Greek. Verb. "To render unfamiliar, ie, 'it's all Greek to me.'"

In the advertising world, a 'greeked' product is one whose labeling looks familiar but, upon closer inspection, isn't actually a representation of the product you thought it was. For instance: if you see a blue soda can on a dining room table that looks to be embossed with the Pepsi logo but, upon closer inspection, has had the word 'Pepsi' in the logo replaced with the word 'Cola' or some such, that product is said to have been greeked. The word almost always appears in the past tense unless you're actually doing the product manipulation itself which is, frankly, a miniscule percentage of the population.

There are a variety of reasons to do this to a product, none of them wholesome. Generally it's because television or movie producers want a product to appear familiar to an audience but don't want to go through the legal hassle of using the real product itself, so they alter it in some way to avoid the trademark dispute.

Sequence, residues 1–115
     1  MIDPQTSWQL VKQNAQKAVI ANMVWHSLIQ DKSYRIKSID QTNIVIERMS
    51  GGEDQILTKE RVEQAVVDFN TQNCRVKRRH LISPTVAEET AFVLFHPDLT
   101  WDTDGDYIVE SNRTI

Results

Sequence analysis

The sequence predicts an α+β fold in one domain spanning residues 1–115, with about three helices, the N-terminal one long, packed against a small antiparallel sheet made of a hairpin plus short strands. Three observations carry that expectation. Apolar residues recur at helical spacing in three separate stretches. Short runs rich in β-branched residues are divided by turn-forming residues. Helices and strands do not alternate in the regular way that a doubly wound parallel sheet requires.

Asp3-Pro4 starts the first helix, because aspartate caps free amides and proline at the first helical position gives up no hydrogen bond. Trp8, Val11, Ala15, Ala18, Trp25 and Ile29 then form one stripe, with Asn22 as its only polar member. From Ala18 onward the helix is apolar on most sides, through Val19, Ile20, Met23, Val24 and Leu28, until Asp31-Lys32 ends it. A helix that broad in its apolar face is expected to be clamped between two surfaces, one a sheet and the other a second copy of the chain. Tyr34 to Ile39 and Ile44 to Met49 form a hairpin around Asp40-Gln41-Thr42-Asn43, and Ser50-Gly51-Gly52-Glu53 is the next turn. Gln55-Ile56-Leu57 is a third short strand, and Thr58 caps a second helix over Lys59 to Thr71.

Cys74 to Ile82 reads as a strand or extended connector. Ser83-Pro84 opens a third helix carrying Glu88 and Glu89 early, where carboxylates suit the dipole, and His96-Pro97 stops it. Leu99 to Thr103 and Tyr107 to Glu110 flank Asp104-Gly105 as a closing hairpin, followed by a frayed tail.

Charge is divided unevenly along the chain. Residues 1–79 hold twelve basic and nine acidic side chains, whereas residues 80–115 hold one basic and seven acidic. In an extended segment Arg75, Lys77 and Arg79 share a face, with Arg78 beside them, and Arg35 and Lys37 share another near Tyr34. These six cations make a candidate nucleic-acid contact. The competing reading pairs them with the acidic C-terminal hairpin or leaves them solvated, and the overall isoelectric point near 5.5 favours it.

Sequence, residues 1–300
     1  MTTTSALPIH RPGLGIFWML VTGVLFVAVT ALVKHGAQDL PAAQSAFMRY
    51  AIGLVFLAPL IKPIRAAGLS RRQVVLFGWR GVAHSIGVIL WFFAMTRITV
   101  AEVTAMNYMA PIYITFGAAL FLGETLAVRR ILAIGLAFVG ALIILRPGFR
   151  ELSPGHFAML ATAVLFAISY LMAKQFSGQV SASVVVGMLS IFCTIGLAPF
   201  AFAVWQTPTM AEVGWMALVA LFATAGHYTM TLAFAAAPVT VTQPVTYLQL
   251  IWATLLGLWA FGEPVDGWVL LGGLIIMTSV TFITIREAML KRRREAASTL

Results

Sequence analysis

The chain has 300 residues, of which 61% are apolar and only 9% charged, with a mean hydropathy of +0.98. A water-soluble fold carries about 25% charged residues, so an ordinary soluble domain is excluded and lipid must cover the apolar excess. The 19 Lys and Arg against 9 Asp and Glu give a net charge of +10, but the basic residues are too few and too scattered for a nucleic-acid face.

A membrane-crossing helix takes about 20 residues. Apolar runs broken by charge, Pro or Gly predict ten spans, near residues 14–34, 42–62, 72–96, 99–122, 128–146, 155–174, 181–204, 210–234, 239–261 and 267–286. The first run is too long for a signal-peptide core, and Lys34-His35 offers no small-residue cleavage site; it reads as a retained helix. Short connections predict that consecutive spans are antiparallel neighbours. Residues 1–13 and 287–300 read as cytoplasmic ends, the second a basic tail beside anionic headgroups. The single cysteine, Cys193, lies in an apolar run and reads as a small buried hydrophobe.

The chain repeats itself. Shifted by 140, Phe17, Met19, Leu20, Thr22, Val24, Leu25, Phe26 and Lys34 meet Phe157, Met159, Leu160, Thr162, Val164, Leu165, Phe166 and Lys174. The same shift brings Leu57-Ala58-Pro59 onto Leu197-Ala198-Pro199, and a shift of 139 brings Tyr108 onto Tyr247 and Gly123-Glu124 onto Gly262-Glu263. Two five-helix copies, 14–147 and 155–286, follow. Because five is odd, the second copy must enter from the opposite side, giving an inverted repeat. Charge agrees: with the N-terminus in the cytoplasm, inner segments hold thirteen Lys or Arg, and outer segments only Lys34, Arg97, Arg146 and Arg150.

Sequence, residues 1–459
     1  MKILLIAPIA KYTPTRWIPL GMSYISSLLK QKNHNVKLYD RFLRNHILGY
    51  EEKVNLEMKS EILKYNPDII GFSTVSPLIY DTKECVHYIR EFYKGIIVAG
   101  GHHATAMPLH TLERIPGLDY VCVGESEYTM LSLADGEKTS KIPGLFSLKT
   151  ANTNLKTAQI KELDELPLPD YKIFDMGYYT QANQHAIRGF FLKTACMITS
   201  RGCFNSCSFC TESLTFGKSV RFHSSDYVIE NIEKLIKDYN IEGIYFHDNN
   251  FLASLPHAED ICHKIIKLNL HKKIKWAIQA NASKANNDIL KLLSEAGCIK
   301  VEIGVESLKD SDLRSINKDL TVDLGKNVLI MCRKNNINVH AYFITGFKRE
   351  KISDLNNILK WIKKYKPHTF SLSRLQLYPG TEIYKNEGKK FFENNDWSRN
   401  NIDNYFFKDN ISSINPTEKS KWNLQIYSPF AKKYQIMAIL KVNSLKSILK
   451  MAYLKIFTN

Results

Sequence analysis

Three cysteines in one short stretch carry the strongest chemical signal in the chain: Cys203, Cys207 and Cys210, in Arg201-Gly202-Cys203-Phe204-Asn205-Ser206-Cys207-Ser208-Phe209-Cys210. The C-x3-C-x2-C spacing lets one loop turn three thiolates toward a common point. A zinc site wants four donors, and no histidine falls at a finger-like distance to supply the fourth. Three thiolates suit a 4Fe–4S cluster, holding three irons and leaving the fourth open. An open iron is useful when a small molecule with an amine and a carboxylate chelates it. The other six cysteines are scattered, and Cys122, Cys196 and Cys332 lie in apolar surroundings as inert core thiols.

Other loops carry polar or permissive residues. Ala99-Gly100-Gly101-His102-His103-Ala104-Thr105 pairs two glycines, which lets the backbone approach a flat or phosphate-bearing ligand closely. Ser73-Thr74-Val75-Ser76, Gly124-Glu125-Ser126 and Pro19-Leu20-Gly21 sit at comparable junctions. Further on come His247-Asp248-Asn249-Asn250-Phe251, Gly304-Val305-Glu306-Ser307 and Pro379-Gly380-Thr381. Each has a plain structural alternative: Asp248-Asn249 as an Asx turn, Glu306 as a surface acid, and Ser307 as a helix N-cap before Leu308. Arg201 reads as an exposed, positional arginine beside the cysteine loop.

Greeking can also be used when the use of said product could be construed as defamatory (ie, a man bludgeons an unsuspecting victim to death with a can of Pepsi. It could happen.) It's not illegal or anything, but it can cause problems later on and it's best to keep the lines of communication between the producers and advertisers open and clear without having to worry about potential negotiation roadblocks.

The greeking of products is less common nowadays that it has been in the past because product placement has become more and more common in all forms of media - it's better for all parties concerned to just knuckle down and hammer out an agreement instead of resorting to silly visual tricks. Nevertheless, the occasional obfuscated product logo still makes appearances here and there if you pay attention.